Nobody stands still at the West Indian Day Parade. Steel bands set the beat for the nearly 100 UFT members and parents who accompanied a UFT float at the Sept. 3 celebration of Caribbean culture and for the other participants and the 1.5 million onlookers swaying to the music on the two-mile route along Eastern Parkway in Crown Heights, Brooklyn. Everyone was dazzled by the brilliant costumes and the upbeat mood of the parade, which for 51 years has drawn huge crowds, including UFT members. The annual extravaganza means different things to each reveler. Tamika Abdullah, a social worker at PS/IS 184 in Brownsville, Brooklyn, said, “For me and my family, participating in the parade is a way to celebrate family, to remember struggle and sacrifice and to promote education in New York City.” The city’s Caribbean community has held Carnival celebrations every year since the 1920s, first in Harlem and then in Brooklyn, to mark its emancipation from slavery. Anthony Harmon, the UFT director of parent and community outreach, noted, “The union is proud to be at the parade and, in keeping with its theme of Keeping Culture Alive, to celebrate the rich culture of the Caribbean.” Chelsea Cofer, a teacher at MS 353 in Crown Heights, said, “I attended with my son because I’m a proud union member and want New York to know it.” Fans distributed by UFT volunteers were greatly appreciated by onlookers as the heat and humidity climbed, reminding everyone of the warm, sunny days in the colorful Caribbean.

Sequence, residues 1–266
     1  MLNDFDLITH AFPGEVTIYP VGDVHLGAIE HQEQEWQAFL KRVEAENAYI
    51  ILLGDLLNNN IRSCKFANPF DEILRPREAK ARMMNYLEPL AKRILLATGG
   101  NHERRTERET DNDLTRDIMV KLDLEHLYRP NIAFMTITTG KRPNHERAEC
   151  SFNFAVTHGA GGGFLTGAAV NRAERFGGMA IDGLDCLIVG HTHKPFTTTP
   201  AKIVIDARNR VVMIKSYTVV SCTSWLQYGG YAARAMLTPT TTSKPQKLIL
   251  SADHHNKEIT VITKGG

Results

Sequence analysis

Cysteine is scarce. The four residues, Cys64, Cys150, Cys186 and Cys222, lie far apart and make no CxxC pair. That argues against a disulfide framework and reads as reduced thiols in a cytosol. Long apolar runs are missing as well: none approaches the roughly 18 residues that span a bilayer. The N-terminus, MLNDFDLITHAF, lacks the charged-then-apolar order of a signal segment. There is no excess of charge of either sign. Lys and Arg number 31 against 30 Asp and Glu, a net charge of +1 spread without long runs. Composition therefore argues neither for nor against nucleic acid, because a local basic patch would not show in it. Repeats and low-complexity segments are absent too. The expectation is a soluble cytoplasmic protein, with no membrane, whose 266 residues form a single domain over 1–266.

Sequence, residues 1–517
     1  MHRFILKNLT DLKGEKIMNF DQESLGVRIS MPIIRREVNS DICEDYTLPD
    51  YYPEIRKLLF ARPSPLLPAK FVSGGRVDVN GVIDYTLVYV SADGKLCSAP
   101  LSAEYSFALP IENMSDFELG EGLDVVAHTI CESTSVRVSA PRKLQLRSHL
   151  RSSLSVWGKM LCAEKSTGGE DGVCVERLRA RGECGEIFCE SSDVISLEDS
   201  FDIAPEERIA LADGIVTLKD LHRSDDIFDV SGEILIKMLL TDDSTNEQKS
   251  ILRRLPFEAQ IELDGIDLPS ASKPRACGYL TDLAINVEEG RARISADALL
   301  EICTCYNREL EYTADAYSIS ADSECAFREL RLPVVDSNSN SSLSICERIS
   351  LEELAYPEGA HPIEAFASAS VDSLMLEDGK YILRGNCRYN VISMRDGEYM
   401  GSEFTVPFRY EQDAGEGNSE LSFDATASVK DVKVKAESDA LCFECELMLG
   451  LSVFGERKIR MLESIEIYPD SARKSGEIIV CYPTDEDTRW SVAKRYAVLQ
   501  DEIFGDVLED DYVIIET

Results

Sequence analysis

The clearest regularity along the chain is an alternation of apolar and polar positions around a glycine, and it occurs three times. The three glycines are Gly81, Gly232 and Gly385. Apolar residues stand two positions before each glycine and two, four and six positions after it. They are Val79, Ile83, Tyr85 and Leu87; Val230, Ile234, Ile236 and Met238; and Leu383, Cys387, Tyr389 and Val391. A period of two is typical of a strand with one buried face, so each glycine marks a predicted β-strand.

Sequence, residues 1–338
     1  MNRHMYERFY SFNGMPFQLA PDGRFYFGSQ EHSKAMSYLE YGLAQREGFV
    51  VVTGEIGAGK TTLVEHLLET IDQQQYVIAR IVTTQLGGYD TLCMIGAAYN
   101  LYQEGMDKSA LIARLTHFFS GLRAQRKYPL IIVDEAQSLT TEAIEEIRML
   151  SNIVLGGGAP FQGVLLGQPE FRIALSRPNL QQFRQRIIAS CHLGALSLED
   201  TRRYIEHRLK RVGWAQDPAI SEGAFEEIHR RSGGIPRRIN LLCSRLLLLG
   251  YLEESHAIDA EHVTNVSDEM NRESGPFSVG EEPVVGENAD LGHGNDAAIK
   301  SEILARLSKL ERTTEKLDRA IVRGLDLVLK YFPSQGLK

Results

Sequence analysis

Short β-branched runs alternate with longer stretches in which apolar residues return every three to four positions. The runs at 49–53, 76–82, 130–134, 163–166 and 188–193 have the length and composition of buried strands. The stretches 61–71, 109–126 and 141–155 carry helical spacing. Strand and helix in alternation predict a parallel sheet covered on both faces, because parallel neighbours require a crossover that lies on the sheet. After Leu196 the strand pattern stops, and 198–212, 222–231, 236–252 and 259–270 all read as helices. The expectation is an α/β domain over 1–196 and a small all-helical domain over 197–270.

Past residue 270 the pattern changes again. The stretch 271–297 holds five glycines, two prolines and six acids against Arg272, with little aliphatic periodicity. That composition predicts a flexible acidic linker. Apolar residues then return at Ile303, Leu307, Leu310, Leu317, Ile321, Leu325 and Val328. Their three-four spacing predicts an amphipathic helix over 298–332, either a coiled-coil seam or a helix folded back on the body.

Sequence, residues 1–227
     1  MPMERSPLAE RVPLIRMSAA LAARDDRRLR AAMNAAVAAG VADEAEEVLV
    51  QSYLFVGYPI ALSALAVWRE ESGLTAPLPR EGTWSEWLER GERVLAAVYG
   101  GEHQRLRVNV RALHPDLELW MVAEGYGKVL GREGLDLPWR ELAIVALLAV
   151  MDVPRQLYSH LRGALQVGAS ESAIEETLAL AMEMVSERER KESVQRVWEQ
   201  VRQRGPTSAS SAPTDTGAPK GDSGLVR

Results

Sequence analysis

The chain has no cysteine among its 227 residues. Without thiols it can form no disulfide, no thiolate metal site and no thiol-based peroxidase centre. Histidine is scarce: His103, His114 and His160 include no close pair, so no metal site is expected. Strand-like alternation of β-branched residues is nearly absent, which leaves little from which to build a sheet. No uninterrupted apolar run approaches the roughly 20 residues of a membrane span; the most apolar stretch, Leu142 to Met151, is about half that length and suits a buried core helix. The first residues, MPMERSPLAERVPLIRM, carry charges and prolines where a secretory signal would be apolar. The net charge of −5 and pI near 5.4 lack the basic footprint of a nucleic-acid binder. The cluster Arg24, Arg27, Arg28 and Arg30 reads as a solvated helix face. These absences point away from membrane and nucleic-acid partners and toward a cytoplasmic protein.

Swaying to the beat